As you travel about the county today, it is difficult to imagine what it must have looked like to the earliest people who ventured here: first the Native Americans and later the hunters from beyond the Appalachians. However we are fortunate to have a significant area of the county in Bernheim Forest that has been allowed to grow back toward its native state; and by looking at it we can gain an idea of the land that greeted these earliest visitors.
Most of the following description is taken from the Bernheim Forest website with permission. Scrolling over an underlined species will display an image of it.
Recent research documented that Bernheim's forested areas are actually a combination of six different forest types, or communities.
Each forest community is made up of a different combination of trees, shrubs and herbs. The unique mix of species in these six communities is determined by the habitat where they are found. For example, some species prefer the moist, shaded conditions along stream edges; others flourish in the harsh, dry conditions along the tops of the knobs.
We will begin with the stream edges and adjacent bottomlands, and proceed upward to the higher elevations in the county.
The community that thrives under the moist conditions of stream edges and adjacent bottomlands is the Sycamore Forest. Sweetgum and tulip poplar join sycamores in the tree canopy, and giant cane is commonly found along the stream edges. Other species that make up this community type are dwarf crested iris, hog peanut, silvery spleenwort, and wingstem. With abundant water, this area would be covered with dense growth, making passage difficult beyond the stream's edge except when animals had made a beaten path.
The wildflower-lover's favorite community type is the Beech - Sugar Maple Forest. It is found along moist ravines with limestone bedrock just up the slope from the Sycamore Forest. The diversity of wildflowers within this forest type is spectacular, and includes twinleaf, bloodroot, jack-in-the-pulpit, and trillium. Trees and shrubs include black cherry, hydrangea, pawpaw, and spicebush. Beech-Sugar Maple Forest is widespread at Bernheim, and virtually all our trails travel through it on the lower slopes of the knobs. Early travelers would have found passage easier through this region.
The White Oak - Chestnut Oak Forest grows on the dry, steep upper slopes of Bernheim, and is by far the most extensive community found in the forest. In addition to the oaks, other common species include pignut hickory, lowbush blueberry, greenbriar, panic grasses, and hawkweed. Soils beneath this forest type are acidic, since they formed over shale bedrock. This is typically what you are walking through as you labor up the side of a steep knob, once you get above the Beech - Sugar Maple Forest
The American Chestnut was once a major part of this community. The chestnut tree was noted for rapid growth and for its ability to sprout freely. Under normal conditions the chestnut tree lived to a great age. It grew on a great variety of soils, but did best on porous soils of moderate depth and fertility, and was well suited with rocky hillsides and gravelly or even sandy soils, but was seldom found on limestone soils. Its majestic height and diameter soared above the surrounding forest, and its wood and nuts were an abundant crop, satisfying man and wildlife's needs. Regrettably, a blight in the early part of the 1900's killed most of the mature trees, although there are still a small number scattered about in various parts of the country.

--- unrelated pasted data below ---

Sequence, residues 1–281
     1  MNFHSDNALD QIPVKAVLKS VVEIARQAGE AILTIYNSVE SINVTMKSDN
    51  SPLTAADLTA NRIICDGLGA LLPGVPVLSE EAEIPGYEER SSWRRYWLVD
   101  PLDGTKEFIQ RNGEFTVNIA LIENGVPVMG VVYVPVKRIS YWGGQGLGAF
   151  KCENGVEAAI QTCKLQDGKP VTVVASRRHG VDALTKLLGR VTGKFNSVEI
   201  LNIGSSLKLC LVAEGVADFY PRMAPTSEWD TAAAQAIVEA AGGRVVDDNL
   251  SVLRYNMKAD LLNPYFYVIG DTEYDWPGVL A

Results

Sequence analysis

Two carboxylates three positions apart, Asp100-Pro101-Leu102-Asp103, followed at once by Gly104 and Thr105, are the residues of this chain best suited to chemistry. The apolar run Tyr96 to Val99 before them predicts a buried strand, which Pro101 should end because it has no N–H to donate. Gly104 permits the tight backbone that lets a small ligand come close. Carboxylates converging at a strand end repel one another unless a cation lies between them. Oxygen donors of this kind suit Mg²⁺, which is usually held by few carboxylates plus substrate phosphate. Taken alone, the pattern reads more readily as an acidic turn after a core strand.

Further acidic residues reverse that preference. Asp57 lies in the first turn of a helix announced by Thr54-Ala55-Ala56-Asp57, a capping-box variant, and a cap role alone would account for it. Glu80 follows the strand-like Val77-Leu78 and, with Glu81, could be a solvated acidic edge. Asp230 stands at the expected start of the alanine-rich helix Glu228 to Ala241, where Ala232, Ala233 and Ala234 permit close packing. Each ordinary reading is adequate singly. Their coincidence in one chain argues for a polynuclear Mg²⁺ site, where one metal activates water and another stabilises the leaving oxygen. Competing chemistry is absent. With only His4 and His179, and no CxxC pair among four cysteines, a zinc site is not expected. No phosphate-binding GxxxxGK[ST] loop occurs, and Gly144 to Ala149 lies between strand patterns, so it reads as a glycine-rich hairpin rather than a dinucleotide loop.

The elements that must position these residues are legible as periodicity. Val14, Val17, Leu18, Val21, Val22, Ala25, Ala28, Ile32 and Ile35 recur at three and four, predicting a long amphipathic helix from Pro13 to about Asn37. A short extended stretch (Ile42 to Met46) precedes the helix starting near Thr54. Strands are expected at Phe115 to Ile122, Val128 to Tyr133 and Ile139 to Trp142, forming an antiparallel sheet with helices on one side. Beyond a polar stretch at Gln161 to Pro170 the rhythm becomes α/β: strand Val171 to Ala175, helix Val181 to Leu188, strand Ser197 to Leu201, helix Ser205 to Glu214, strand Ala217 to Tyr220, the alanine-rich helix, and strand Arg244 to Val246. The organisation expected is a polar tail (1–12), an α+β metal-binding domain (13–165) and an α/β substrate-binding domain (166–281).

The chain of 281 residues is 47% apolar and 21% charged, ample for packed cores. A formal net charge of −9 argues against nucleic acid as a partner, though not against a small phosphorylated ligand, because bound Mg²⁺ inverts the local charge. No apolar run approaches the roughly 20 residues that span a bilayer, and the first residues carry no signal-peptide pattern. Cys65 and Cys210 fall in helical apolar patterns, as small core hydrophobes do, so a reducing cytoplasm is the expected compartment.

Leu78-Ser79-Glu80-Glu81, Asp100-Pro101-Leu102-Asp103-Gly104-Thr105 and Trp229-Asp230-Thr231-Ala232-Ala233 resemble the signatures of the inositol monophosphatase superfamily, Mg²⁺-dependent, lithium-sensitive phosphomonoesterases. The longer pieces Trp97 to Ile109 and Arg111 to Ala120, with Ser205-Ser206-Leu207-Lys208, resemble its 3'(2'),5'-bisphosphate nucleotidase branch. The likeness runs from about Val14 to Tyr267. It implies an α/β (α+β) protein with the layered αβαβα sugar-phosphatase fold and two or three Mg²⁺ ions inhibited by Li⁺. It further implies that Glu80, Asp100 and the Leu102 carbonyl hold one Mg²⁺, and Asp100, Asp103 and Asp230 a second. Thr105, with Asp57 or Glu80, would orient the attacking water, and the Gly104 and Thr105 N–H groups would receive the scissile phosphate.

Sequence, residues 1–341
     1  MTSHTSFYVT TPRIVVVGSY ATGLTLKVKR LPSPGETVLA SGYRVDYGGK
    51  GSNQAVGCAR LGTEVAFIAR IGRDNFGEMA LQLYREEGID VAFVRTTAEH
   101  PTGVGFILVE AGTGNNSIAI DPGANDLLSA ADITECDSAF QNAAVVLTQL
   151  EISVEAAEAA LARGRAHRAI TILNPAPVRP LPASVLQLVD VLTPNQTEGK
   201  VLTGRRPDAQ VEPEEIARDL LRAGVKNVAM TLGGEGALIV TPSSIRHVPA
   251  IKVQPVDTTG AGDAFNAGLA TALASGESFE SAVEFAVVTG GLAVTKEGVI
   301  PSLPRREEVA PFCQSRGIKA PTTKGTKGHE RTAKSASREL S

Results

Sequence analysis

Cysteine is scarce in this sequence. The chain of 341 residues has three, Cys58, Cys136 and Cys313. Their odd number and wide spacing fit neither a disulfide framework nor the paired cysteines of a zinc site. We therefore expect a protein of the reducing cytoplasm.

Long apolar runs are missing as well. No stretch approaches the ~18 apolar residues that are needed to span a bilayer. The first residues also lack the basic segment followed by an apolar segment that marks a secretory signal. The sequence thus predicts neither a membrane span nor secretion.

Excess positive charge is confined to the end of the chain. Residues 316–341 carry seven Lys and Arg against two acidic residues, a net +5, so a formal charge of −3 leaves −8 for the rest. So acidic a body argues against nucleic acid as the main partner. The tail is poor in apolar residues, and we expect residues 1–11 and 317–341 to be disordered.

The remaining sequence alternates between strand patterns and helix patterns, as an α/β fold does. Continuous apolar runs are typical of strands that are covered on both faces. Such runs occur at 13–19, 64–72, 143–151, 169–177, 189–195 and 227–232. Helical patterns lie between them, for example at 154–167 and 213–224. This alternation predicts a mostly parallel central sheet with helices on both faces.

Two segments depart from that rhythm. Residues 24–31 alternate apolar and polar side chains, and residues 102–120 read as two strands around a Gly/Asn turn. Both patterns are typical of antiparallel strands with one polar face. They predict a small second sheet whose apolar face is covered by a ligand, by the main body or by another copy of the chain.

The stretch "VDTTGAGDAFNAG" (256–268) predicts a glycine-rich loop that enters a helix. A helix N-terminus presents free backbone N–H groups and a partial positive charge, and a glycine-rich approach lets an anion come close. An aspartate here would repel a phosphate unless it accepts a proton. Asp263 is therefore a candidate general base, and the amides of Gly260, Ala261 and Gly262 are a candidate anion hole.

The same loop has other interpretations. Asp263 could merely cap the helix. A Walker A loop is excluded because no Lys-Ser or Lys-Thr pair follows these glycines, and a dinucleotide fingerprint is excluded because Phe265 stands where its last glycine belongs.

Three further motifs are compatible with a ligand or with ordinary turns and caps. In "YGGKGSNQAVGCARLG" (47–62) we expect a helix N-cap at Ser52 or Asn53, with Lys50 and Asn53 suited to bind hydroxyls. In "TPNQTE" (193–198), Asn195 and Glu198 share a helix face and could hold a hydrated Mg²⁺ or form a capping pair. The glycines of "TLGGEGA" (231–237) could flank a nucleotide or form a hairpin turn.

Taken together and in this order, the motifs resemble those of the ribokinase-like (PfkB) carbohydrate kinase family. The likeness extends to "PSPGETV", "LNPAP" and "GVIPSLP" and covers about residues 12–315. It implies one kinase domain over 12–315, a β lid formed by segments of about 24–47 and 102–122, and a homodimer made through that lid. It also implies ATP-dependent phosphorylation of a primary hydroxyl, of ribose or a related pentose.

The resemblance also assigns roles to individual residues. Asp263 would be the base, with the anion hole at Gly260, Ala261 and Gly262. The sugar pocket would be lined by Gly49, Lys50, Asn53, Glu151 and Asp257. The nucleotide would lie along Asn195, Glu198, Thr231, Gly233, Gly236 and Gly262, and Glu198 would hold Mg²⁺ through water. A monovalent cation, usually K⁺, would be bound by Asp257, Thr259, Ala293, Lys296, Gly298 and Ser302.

The White Oak - Black Oak Forest grows in areas with acidic soil and slightly more moisture than the White Oak - Chestnut Oak forest. Typical sites for this community are flat ridgetops. Although these ridgetops are exposed to the wind and sun, their flat nature helps them hold deeper soil and more moisture. Other common species here are red maple, greenbriar and spicebush.
A fifth community, Chinquapin Oak Forest, is found on steep, dry terrain like the White Oak - Chestnut Oak Forest. It grows, however, on alkaline soils that form over limestone bedrock. At Bernheim, these soils are only found deep in the research forest, along Wilson Creek and its tributaries. Sugar maple, blue and white ash, Ohio buckeye, and black walnut are some of the trees associated with this community. Its herb layer is rich and includes American columbo, bee balm, wood mint, leafcup, and four-leaved milkweed.
The ridgetops of these two communities sometimes provided meandering paths for wildlife and later man to traverse the land.
The least-widespread forest community at Bernheim is Virginia Pine Forest, found along the tops of some ridges and on south and southwest facing slopes where exposure to sun and wind is greatest. It's found where soil is thin and rocky, in some of the most inhospitable habitat at Bernheim. Although pines dominate, the community is interspersed white oaks, including scarlet and chestnut oaks. Early pioneers seldom ventured into these forests, and even today they are admired from afar but seldom entered.
While most of Bullitt County was wooded at the time of the arrival of the early pioneers, it would not remain so for long. Wood for building cabins and barns was only a small part of the need. Vast quantities would be consumed in the fires that fueled the early salt industry as we will see later.
This is a work in progress. Much of the content comes from the Bernheim Forest website, with permission. All rights are reserved. No part of the content of this page may be included in any format in any place without the written permission of the copyright holders.
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